Monday, February 10, 2020

Kitakyushu Next Generation Energy, Infrastructure & Logistics Projects Scramble, embracing its Quintessential High Strength Bolts, the battery of our industry!

A Happy Reiwa’s 2nd New Year to you all from Kitakyushu Japan! Yesterday (Jan 17) was a quarter century anniversary since the tragic Great Hanshin Earthquake. Kobe people had their memorial service and silent prayer in front of bamboo lanterns to mourn the victims. That was the new year I returned to Japan after retiring from the U.S. and started my ‘2nd Round’ career in Japan. I adopted Kitakyushu as my new home with the help of my sister-in-law and commenced to run the 4th English Toastmasters Club on Kyushu Island.

Kitakyushu, having accomplished a complete transformation from ”Iron Capital” to multi-cultural/diversified technology metro, is proud of its blue skies and blue sea, commissioning renewable energy projects, such as solar, biomass and off-shore wind farms in Hibikinada. In addition, the area boasts a ton of infrastructural / logistics achievements including a new monorail transport (sides of trains featuring images from “Galaxy Express 999” authored by native son Reiji Matsumoto), the largest container port terminal in western Japan, around the clock floating (offshore) passenger / cargo airport, progressive urban expressway network construction, hospitable accommodations for international conferences featuring “environmental topics” emphasizing the area’s strengths. Kitakyushu is also boosting sporting events, opening an anime/manga museum and have built a live stage performance theater complex, and hosted many film location shoots. The long, sustained effort should pay off and we expect a bright 2020 dawn to shine over Kitakyushu.

During the New Year holiday celebration, I met an old friend “Mitchie” in the neighborhood who surprised me with the news that the bolts he put his heart and soul in developing as a young engineer, was used in bedecking the ramp bridge recently straddled over the Kagoshima Railroads at the JR Yahata Station. I asked him did he mean by the “Harunomachi” Ramp, the so-called Kurosaki Bypass (5.8km between Jinnoharu and Harunamachi) to be connected to #3 National Road and eventually to the Urban Express in the near future? He said yes! Wow, I had been watching the long ramp under construction at the south side quarter block along the JR railroad since last Spring which took more than half a year in the form of overhead concrete road on the scaffold. Around October, I saw tall and heavy-duty cranes arriving for the final lifting. Unfortunately, I was hospitalized in early November and could not confirm when the work was completed. I think I read in the paper the school children in the neighborhood were invited to see it just before the opening week. Upon completion of the Kurosaki Bypass, industries that will now benefit in the Higashida District, where the century old Yahata Iron & Steel was based, consist of cogeneration, smart grids, home and building energy management systems, and medical institutions. My friend said the final lifting was done in the dead of night in late December with vehicle traffic suspended. When I visited the site in January, the work was already completed. All the clutter I saw last year was gone. Showing outside the Yahata JR Station were recorded videos of the ramp bridge being lifted by a 3,000 ton crane.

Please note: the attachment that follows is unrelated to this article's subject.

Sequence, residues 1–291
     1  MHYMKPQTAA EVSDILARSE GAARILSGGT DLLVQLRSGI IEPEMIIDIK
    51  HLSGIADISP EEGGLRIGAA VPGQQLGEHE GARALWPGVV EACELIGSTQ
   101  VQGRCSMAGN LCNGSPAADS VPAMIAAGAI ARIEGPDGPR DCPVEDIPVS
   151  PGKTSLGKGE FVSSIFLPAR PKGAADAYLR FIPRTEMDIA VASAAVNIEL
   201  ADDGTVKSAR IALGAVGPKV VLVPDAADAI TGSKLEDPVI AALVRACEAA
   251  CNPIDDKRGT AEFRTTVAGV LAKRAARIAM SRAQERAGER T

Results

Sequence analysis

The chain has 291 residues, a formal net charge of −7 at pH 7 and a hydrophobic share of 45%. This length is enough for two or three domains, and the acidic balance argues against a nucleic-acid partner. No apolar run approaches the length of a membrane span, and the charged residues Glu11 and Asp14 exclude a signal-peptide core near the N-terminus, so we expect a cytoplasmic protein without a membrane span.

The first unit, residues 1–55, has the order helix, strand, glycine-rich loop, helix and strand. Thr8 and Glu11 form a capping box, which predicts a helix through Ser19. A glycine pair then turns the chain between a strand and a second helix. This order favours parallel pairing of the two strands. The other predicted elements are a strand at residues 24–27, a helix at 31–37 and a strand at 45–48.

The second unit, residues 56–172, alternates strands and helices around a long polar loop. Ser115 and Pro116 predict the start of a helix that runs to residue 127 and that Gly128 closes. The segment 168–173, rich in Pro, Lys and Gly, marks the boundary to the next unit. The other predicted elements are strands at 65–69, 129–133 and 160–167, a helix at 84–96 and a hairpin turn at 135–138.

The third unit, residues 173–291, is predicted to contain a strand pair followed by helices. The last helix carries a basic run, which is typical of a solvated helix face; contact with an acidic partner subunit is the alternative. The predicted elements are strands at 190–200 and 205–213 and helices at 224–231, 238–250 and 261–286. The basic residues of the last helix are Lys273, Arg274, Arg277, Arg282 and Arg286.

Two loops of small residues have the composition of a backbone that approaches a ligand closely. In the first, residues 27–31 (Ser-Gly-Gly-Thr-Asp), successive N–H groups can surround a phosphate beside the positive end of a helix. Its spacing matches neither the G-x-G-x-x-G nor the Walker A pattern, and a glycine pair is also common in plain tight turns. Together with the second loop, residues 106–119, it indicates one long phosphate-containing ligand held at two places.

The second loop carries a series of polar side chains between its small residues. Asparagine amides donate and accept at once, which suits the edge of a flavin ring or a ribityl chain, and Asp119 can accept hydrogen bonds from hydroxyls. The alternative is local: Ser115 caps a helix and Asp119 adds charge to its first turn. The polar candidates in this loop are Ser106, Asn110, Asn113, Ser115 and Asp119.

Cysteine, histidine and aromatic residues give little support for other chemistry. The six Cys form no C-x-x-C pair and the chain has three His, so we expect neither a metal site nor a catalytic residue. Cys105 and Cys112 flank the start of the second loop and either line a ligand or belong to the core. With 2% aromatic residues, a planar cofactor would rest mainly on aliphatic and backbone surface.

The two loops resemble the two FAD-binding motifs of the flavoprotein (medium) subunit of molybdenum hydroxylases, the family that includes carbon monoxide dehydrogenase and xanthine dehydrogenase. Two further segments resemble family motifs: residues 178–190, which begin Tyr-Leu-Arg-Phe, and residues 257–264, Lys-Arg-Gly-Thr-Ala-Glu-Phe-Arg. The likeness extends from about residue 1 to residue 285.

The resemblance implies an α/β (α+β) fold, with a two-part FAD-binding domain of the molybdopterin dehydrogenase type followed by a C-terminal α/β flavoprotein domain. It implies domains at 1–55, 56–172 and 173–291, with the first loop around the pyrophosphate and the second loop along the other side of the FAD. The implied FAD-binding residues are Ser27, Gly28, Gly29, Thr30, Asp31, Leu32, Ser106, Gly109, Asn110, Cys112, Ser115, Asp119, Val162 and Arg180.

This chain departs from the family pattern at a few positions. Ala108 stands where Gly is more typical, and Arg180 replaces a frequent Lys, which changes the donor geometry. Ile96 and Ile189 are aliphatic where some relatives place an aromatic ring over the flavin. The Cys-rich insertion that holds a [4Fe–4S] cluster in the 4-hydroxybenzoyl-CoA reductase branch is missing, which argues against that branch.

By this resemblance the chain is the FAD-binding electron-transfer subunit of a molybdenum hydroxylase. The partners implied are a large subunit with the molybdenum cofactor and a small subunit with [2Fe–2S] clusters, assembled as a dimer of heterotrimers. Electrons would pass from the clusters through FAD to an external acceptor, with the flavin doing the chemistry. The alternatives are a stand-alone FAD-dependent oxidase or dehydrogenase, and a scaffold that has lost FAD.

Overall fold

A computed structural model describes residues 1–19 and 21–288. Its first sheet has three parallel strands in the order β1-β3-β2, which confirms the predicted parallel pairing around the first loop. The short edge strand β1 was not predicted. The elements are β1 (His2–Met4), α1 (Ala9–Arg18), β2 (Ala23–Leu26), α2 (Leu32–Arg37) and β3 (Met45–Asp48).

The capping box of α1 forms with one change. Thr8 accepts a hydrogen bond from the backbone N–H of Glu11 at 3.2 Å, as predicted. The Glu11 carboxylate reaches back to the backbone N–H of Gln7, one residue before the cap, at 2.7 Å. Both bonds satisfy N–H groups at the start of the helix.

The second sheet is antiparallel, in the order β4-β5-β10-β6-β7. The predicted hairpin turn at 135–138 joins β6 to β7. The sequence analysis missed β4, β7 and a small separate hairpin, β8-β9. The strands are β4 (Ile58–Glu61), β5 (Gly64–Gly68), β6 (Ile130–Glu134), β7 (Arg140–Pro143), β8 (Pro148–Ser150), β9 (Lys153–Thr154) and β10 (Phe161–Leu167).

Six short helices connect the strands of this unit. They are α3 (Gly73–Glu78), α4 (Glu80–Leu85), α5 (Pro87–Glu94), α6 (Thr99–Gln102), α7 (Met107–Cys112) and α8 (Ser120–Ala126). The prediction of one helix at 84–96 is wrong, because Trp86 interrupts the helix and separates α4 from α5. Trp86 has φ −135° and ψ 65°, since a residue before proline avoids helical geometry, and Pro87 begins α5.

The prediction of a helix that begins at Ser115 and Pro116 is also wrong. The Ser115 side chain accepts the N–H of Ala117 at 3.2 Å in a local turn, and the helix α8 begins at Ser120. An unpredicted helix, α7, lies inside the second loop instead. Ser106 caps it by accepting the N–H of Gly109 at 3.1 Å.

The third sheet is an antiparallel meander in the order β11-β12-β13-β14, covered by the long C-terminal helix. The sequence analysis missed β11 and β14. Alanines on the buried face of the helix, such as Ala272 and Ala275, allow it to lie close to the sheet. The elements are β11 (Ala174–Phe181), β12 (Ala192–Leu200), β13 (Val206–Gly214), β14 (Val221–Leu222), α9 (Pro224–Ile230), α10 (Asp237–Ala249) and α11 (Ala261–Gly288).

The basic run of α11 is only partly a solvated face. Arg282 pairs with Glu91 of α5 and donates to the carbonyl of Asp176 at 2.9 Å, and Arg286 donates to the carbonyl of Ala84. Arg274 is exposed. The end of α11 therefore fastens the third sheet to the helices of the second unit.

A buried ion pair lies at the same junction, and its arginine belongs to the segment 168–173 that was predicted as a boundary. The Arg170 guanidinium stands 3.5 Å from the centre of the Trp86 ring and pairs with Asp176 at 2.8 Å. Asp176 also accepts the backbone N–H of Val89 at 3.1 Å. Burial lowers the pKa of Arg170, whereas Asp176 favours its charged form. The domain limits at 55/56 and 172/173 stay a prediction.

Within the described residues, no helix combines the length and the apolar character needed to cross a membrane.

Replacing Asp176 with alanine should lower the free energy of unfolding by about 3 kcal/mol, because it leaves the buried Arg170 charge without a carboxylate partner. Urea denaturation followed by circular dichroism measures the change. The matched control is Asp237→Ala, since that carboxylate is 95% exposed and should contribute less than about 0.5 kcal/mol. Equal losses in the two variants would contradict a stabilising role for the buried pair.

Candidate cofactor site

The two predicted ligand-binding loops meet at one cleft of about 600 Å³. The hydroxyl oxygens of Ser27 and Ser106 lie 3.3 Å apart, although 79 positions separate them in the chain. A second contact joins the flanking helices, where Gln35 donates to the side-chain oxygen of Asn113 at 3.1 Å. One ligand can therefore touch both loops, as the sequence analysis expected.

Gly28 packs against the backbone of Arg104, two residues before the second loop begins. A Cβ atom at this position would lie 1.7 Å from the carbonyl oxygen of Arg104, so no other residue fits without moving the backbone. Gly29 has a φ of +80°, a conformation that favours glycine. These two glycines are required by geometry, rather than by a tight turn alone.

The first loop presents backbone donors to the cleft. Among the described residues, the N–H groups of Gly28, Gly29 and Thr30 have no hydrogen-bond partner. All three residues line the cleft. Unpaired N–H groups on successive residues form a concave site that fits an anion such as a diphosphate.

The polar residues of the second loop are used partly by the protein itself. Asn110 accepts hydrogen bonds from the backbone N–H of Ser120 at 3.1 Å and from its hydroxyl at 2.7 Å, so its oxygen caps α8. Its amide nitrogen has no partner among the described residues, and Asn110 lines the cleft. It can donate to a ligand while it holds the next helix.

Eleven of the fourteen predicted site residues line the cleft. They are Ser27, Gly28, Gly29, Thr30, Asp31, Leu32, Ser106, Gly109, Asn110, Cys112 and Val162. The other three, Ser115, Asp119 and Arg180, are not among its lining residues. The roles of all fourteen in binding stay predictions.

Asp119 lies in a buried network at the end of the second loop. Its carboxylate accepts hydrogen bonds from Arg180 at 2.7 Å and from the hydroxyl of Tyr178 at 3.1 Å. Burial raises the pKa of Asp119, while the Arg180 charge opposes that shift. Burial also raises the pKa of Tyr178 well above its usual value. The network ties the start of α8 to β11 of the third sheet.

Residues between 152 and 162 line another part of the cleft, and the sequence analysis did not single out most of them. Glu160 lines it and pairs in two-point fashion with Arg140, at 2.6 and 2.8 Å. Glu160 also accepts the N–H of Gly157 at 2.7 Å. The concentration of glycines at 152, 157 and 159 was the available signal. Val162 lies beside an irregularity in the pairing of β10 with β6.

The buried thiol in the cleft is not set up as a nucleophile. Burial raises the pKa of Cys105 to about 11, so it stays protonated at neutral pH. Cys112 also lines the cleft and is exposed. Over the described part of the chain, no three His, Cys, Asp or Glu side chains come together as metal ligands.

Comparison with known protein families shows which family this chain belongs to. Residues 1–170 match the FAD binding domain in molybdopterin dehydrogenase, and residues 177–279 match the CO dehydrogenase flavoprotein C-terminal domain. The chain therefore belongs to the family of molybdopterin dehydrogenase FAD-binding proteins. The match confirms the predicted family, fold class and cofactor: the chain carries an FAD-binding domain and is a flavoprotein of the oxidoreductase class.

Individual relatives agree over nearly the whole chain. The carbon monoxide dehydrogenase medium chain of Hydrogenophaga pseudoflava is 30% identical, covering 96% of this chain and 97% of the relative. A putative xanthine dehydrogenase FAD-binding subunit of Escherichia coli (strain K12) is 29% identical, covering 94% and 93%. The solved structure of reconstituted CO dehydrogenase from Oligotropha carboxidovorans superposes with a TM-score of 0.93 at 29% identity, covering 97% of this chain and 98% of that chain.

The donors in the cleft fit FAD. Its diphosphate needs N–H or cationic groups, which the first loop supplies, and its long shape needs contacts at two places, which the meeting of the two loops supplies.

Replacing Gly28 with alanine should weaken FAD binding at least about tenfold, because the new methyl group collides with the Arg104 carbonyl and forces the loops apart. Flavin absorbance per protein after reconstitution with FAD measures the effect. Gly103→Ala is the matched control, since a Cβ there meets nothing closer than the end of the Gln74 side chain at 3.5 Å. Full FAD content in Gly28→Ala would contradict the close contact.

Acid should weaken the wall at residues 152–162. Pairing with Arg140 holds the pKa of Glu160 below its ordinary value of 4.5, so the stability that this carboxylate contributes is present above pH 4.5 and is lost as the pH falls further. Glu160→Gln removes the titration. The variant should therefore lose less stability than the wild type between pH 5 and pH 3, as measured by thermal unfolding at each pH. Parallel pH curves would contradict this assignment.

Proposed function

The second time I met Mitchie, he brought his ”baby” bolt and the mock photo of the bolt set on a rocket ready to go adorned with the rising sun flag, his way of rejoicing predominance of his bolts. We cheered over cups of coffee for what his bolts have achieved. Thousands of his bolts were mounted on the ramp bridge. His bolts were also used on high-rise buildings, including Abeno-Haruka Tower in Osaka, currently the tallest building in Japan, and the Tokyo Sky Tree Tower and the new Olympic Stadium recently opened with countless number of his bolts. Bolts are quintessential in airplanes, vehicles and in the space industry.

I was not an engineer but during World War II, I got mobilized for about two years as a student worker at an airplane factory, which was converted from a spinning mill. After receiving intensive training by an arsenal mechanic, I was assigned to wing panel tack riveting, using an air drill. I found caulking aluminum tack not an easy job. They often ended up deformed to be chiseled off. Today, we live in a world where mistakes are never tolerated!

Photos of ramp bridge work at night courtesy of Kawada Industries, site manager